Every once in a while I will sit down in front of the TV and gorge myself on documentaries. The other day I watched My 600lb Life on TLC. I watched the end of Donald’s story, Ashley’s story and Melissa’s story. Melissa’s story really touched something in me: a young married woman wanting children and a new start to life. It sounded familiar (except the relationship issues.)
Melissa said something to the effect of, “The last time I weighed in I was 337lbs and that was acceptable. Then the next time weighed in I was over 600 pounds.” I can vividly remember weighing in at 295lbs at the doctor’s office and thinking to myself, “295lbs is okay. It’s when I hit 300lbs that I have a problem.” I’m not exactly sure why in my head those five pounds were the breaking point, but they certainly were. However, I did the same thing – the next time I weighed in I was 325lbs. I thought, “That’s probably not good.” It wasn’t even that day that I decided enough was enough. 325lbs was the most I ever actually weighed on a scale. I am sure I weighed more than that at the start of my journey, but since it’s the last number I saw – I went with it.
I remember deciding to start my journey and the fear behind it. I wanted gastric bypass, but everyone I knew was against it. Everyone was concerned because it would have been a lot of weight on the table; a lot of weight to go under general anesthesia. All of the same concerns these people were faced with. I was told I had to exhaust every possible attempt to lose weight because I would even be considered. So, I tried Atkins – it worked for the first few weeks but then I just binged on chicken and mayo and cheese. I tried calorie counting, but couldn’t stick with it. I tried the 6 week body makeover and that was terrible. I tried Weight Watchers, and finally – finally! Something clicked for me. So, Gastric was off the table for me. As I watched the fear in Melissa’s eyes and her nervousness consume her, I also watched a woman ready to conquer her fears and start a new life. The tears swelled in my eyes. I felt like I knew her. I can’t explain it. I wanted to wrap my arms around her and tell her she could do it. Tell her how beautiful she is. How inspiring. How lovable. How amazing.
She kept commenting about how it was all so mental. That the physical doesn’t change the mental. I could not have agreed more with her. Once an addict, always an addict. The physical does not change the mental. I will always have good days and bad days. I am an addict. It will always be easiest for me to reach for the unhealthy choice. It will always be a conscious effort to make myself eat healthy. This will always be a battle. I will always gain weight easily.
Some dick-face made a joke at Melissa’s expense while in the grocery store. I watched her cry as I recalled the time Kevin and I went to Six Flags with some friends and I didn’t fit in the rides. I can remember struggling to get through the turn style. I can remember the embarrassment and how mortified I was. The looks people gave me. I was devastated. Kevin made up some bogus excuse and didn’t ride any rides because I couldn’t. The last time we went to 6 Flags I fit. But there was a woman in front of me that did not. There were also two girls that giggled. They were about 13-14. I very calmly and very sweetly looked a them and said, “You will absolutely not make fun of someone for being bigger than you. You should be embarrassed and ashamed of yourselves for trying to make someone else feel poorly. You may be young and cute and skinny now, but you won’t be forever. Karma is cruel.” They both just stared at me. Was I out of line? I don’t fucking care one way or the other. Just thinking about that again infuriates me. Shame on those kids and shame on their parents for letting them think that was acceptable.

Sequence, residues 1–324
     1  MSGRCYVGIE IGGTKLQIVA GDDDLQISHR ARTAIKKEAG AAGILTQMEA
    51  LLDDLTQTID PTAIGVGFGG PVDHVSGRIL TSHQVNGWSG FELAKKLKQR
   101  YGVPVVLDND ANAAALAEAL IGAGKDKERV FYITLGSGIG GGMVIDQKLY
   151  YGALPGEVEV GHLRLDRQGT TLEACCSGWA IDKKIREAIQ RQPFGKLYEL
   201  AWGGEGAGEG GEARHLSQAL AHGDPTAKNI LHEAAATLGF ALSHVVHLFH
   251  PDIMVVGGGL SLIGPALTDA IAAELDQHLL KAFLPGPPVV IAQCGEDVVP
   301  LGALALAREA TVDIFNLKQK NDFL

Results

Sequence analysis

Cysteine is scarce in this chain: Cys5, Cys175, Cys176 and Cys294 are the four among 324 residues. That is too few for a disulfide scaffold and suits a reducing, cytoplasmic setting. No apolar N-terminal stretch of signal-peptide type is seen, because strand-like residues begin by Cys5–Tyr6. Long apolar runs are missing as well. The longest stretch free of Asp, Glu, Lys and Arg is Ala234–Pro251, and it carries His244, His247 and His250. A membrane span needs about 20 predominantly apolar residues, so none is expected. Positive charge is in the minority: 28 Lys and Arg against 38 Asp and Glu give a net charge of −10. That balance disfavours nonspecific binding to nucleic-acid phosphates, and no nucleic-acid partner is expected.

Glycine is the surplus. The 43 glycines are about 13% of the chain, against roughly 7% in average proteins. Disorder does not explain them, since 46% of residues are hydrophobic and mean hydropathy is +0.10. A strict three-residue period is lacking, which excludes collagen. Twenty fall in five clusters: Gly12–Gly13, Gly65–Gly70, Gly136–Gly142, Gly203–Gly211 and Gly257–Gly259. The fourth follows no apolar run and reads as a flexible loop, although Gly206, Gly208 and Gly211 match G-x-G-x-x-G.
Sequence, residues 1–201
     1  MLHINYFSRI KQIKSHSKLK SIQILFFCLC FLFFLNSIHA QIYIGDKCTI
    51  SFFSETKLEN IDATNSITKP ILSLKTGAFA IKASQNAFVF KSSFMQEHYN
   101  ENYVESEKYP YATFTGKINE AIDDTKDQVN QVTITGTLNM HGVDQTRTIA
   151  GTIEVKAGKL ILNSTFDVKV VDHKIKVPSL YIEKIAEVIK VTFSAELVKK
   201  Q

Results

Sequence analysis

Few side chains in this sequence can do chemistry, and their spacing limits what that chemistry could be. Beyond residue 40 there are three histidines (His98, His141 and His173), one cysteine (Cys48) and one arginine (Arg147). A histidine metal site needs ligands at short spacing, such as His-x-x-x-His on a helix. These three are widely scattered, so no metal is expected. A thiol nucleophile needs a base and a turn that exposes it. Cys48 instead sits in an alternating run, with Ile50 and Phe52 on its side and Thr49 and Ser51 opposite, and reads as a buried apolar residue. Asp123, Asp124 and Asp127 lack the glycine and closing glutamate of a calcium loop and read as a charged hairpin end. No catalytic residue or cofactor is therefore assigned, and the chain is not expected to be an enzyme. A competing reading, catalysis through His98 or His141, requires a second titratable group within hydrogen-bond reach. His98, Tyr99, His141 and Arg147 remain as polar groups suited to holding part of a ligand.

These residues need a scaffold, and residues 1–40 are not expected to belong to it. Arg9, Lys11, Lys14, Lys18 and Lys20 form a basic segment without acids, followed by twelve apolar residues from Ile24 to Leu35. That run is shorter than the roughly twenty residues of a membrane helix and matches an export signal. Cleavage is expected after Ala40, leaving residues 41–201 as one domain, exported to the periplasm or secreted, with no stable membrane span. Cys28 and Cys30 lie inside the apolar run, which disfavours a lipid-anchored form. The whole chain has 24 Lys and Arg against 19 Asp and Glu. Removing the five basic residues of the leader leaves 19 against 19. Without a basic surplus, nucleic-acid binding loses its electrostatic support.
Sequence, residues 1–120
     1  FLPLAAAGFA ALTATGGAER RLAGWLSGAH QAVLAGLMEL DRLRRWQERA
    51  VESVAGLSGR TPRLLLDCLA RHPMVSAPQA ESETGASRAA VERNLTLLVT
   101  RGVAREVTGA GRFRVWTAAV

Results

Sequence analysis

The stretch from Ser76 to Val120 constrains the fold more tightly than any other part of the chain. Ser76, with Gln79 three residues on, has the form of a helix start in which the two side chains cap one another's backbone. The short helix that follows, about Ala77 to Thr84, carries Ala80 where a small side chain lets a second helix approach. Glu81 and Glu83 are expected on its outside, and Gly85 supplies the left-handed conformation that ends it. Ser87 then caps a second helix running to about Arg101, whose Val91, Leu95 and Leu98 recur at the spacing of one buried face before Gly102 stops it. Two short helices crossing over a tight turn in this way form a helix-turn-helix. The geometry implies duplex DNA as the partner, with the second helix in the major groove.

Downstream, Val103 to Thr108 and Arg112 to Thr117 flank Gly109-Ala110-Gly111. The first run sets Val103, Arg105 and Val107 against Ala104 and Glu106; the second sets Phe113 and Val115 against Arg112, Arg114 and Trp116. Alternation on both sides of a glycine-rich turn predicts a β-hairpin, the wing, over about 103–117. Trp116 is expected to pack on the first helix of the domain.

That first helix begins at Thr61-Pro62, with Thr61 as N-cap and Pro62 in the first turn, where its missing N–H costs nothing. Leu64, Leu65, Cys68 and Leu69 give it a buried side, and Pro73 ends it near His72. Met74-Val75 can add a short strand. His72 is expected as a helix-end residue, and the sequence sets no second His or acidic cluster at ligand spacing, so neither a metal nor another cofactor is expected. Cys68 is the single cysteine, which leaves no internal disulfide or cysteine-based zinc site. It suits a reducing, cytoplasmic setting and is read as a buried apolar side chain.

At the end Melissa says, “When I was losing weight I wasn’t taking Chris into account.” I cried. All of this resonated through me. I know there have been many times I haven’t taken Kevin into account while losing weight. I feel terrible for that. This journey has been all consuming. There have been times where I have been 200% selfish and prevented Kevin from doing things because of my weight loss. Times he hasn’t done things he’s wanted to because he knows it’d be hard for me. I understand that it takes selfishness to do this; however, it should not be at the expense of your partner that has supported you regardless of your size. I am sorry.
Melissa has lost over 400lbs to date but still struggles with self image and some days still sees the her 600lb self in the mirror. She still struggles with a lot of the same things she did before the surgery. Even 7 years later.
Even 7 years later. Seven years later. For everyone wanting a quick fix and thinks once you’ve lost the weight that it’s over – think again. It’s not that easy, guys. Once an addict, always an addict.
Here’s my tip: love yourself no matter what. Find your grey. And realize you’re worth more than a scale. You are beautiful.
You can watch Melissa’s story here.